by Eric Stashin (aka The Rotoprofessor)
There had been rumors of the Brewers potentially trading Khris Davis, though they came to fruition last night when he was sent to Oakland in exchange for a pair of prospects (C Jacob Nottingham & RHP Bubba Derby). While there were high hopes for Davis entering 2016, the move obviously is going to have a negative impact on his value. Just how far does he fall? Let’s take a look:
The most notable drop is in his power, which takes a hit thanks to his new home ballpark. It’s not that it’s impossible to envision him hitting 30+ HR, even in Oakland, but we need to alter our expectations.
The fact is that Davis didn’t have a dramatic split last season (16 HR at home, 11 on the road) and his average distance on non-groundballs of 288.798 shows that he can hit the ball out of any ballpark. Still, he’s moving from a park that yielded 2.33 HR/game (sixth most in baseball) to one that gave up 1.72/game. Upside or not, our expectations need to be altered.
The drop in power also helps to suppress his other numbers, most notably his average. He was always going to be a risk, thanks to the swing and miss in his game. Last season his 27.7% strikeout rate came courtesy of a 15.2% SwStr%. While most young hitters struggle against breaking balls and offspeed pitches, Davis had issues against all types as displayed by his Whiff%:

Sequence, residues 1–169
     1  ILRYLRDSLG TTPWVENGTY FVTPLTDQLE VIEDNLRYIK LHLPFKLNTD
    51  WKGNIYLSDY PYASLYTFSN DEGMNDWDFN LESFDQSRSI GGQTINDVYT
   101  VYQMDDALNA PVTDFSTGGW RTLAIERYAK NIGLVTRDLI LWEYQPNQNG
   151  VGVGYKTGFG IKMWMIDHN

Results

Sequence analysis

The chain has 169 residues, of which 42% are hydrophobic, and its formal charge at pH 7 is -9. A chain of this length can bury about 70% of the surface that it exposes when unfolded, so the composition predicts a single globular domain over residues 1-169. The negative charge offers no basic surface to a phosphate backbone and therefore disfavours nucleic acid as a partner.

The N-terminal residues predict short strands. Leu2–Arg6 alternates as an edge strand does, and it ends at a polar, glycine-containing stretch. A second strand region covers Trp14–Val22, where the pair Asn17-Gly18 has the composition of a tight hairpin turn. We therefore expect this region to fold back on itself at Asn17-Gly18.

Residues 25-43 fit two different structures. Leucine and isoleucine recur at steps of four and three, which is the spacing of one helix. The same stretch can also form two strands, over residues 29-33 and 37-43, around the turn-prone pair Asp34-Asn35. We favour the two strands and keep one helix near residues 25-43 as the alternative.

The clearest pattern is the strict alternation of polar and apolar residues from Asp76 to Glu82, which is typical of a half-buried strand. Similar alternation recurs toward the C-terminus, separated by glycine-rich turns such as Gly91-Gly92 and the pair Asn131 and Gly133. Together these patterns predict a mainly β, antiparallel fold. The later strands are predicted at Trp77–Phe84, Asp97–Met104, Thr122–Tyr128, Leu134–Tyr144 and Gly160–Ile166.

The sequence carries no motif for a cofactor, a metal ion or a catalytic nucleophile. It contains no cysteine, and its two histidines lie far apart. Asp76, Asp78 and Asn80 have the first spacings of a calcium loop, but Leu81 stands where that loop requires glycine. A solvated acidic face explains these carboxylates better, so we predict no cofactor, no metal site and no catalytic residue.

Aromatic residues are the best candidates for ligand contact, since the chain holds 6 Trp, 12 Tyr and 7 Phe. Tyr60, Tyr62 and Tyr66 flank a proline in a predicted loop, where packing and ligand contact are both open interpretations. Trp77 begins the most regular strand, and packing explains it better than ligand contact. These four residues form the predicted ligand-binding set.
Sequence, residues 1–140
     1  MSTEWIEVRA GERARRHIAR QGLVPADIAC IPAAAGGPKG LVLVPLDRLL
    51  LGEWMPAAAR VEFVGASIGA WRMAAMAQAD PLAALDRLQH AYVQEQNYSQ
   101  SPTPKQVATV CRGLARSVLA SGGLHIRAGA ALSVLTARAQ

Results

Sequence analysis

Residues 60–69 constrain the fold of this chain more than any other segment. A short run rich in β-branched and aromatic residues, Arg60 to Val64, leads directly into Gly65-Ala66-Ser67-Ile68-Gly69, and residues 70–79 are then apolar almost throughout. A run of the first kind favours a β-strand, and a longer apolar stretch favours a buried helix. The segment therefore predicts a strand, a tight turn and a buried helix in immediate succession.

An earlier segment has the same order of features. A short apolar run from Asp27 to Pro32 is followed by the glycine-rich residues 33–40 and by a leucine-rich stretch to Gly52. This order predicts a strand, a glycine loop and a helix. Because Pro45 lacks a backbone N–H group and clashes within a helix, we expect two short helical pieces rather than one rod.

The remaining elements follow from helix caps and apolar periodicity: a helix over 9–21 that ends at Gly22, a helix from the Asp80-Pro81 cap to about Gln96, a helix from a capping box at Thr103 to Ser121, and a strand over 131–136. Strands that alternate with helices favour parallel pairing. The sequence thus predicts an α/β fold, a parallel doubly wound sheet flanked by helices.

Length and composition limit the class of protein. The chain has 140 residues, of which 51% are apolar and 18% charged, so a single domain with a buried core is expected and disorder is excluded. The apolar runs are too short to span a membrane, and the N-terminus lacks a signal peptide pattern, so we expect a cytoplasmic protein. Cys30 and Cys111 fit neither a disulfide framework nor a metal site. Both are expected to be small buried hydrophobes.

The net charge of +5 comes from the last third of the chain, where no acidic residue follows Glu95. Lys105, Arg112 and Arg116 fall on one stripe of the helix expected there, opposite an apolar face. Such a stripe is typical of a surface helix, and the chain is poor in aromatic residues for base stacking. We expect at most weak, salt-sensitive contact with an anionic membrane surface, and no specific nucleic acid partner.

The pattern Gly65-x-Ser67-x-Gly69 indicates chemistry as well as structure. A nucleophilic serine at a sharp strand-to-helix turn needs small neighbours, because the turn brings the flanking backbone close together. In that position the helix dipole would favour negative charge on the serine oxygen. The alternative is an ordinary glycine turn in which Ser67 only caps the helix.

- Hard – 13.71%
- Breaking – 18.36%
- Offspeed – 22.80%
That’s obviously a concern, and the drop in home runs is going to make the strikeout rate become an even bigger issue. While we were never going to expect a great average, it appears more likely now that he falls below .250.
Throw in an expected drop in runs and RBI and it’s obvious that he’s going to need to plummet down the rankings. In fact he falls into the same range as Joc Pederson, who brings a similar skill set (just with a little bit more speed upside).
There’s value and Davis still worth considering, but he’s not a player to invest highly in. Change your expectations and draft boards accordingly.
Sources – Fangraphs, ESPN, Baseball Heat Maps, Brooks Baseball
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